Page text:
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e3yc

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I am with many doubts between the c-lux and the leica dlux 7, what do you advise me?, I usually throw in jpg
Thanks and feleices fiestas

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e3yc, hello!

Looks like, if you're saving up for a decent pocketable camera that doesn't sacrifice picture quality, you might possibly be looking at a used Q instead. In the CL/DL7 price range there's little to choose between them. Personally I'd probably for the Q route.

As to price:

Listen, I started on M2, M3, M4 and had to sell them all cause I couldn't afford to keep them. Then later on it was the D-Luxes to the V-Lux (my partner saw that one arrive and said 'mine' - she's shot four photo books and still uses it almost every day), then the M9, M10, and all sold now, because I still can't afford to keep one without working it full-time.

The moral of this story? Well I bought all of those Leicas used - and didn't lose a cent on any one of them. In fact I might have made a hundred or two along the way. 

Like any digital camera, the used prices settles down after awhile, as a percentage of the new price, around 50-75% of it, typically. I've found that even over a period of years, the Leicas, after that initial slump in price, have retained their resale value a lot more than, say, their Panasonic equivalents.

So yes, I've also found that the more expensive Leicas shoot better photos (maybe because I felt better shooting with them), and so tend to be more desirable, and their resale value therefore higher. I think I Q would hold its used value better than either the C-Lux or the DL-whatever-number-you-want. Again most probably because of branding - there's no Panasonic version of the Q, is there? - but also because IMO it looks and feels more like a classic M than the Lux models.

So save the money and get the best you can afford. In the case of the red dot camera, that's one thing you know you'll be able to get your money back on, if and when you decide to move on or up. And in the meantime, there's all those legendary shots you've taken, with that cool (and expensive) camera.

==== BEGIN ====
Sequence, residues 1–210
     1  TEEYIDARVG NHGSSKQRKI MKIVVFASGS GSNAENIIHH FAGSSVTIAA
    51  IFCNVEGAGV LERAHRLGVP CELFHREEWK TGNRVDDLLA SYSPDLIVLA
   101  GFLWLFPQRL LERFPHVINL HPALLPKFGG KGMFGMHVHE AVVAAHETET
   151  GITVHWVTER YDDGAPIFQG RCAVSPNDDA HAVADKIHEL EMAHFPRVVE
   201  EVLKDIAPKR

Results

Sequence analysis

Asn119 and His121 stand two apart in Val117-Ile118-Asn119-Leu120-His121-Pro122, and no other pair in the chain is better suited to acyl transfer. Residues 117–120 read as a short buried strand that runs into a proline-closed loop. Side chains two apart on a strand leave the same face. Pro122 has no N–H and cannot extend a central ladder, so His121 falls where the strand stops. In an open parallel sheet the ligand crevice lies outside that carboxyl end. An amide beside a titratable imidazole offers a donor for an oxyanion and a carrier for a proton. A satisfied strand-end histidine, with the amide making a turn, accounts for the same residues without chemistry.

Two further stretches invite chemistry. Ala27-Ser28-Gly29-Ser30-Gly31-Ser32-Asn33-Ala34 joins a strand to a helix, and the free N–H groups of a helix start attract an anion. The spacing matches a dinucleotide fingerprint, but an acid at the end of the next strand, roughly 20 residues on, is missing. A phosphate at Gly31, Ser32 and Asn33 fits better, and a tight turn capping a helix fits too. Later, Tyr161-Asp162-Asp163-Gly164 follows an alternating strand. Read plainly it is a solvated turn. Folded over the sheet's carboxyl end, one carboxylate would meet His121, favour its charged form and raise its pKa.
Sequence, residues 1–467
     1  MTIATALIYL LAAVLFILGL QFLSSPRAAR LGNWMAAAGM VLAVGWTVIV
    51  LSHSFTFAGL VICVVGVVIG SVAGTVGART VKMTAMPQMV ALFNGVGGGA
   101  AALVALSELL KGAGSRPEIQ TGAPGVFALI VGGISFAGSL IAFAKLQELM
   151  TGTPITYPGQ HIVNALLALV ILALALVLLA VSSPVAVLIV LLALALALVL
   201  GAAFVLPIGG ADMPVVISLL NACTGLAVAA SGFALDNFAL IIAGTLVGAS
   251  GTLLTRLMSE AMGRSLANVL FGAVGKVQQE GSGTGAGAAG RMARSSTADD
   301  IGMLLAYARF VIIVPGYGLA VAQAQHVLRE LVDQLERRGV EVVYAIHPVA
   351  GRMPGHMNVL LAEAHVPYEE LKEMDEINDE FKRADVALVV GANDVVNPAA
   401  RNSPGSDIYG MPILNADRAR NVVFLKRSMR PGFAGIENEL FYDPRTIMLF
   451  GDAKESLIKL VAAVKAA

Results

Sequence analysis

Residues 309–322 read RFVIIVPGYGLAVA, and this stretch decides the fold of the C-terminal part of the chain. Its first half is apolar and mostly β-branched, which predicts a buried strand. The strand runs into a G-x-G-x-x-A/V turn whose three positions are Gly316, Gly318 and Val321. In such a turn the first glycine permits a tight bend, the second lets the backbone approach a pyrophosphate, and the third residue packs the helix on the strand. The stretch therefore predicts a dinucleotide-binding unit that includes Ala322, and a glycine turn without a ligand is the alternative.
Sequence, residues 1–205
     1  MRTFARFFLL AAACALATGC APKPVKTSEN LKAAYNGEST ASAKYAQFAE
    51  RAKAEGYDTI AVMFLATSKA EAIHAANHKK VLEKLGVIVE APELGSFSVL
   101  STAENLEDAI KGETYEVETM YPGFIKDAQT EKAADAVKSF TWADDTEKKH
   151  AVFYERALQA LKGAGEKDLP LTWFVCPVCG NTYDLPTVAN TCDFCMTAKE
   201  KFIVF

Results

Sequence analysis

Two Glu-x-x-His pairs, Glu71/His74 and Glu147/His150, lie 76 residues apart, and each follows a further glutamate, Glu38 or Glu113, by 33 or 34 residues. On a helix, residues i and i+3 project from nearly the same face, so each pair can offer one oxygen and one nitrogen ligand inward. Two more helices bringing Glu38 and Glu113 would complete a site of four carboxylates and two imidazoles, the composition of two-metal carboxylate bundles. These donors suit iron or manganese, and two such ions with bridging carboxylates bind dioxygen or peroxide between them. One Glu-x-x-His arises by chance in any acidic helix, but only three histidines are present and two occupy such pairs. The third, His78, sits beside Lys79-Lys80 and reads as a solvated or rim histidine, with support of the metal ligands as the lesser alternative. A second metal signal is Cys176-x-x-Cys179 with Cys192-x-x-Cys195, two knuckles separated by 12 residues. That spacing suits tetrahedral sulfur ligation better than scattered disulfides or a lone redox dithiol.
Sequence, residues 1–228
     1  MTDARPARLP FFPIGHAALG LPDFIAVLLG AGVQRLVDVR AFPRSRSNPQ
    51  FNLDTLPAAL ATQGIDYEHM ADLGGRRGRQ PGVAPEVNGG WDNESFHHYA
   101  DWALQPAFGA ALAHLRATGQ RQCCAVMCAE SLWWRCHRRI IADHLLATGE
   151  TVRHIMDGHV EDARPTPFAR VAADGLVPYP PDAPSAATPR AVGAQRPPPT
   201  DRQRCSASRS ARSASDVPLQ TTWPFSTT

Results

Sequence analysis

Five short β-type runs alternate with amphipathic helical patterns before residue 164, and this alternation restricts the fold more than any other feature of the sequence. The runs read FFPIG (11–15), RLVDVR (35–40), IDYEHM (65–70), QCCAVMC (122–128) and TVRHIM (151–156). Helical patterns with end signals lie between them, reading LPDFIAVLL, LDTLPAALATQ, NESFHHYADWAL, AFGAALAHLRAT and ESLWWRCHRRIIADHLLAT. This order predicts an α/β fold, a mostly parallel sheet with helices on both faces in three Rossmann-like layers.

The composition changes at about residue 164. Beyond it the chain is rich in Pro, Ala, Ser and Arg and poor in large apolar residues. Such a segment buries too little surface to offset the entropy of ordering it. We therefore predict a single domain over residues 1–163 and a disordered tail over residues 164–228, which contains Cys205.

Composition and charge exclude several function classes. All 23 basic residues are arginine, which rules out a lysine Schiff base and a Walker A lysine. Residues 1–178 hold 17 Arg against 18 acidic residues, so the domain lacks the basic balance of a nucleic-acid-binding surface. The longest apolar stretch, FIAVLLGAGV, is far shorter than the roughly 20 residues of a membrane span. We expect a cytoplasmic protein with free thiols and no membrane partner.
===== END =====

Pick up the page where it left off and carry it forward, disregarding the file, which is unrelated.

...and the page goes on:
But in the end, you see, I might not have a Leica at the moment, but I've shot more than a dozen models over the decades. When next I need one, I'll get one. And in the meantime, I have many shots in my portfolios, in magazines, and in books that have that red dot look - with free camera rental!

In the end, it's the shots, not the cameras, that count. Especially in this digital age. 

(Glass, though, is another story. I still have my original set of primes from my Leica SL and SL2 MOT - and won't part with those for love or money!)

 

 

 

Edited by ChrisRL

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The DL-7 is a camera that you can use to take pictures very simply - all settings automatic - just as if you were using a phone. The images will be high quality because it has a 17 MP sensor and a very fast zoom lens that you can use in low light, even at dawn or dusk.

if you want to develop your ability as a photographer then the DL-7 can help you. Many of the controls can be changed all the way to being totally manual and shooting in RAW. 

This is a camera you can own for many years and still learn more from it. It may cost more than the C, but can be your partner for much longer. For someone who wants to be a better photographer, but start simply it can be better value.

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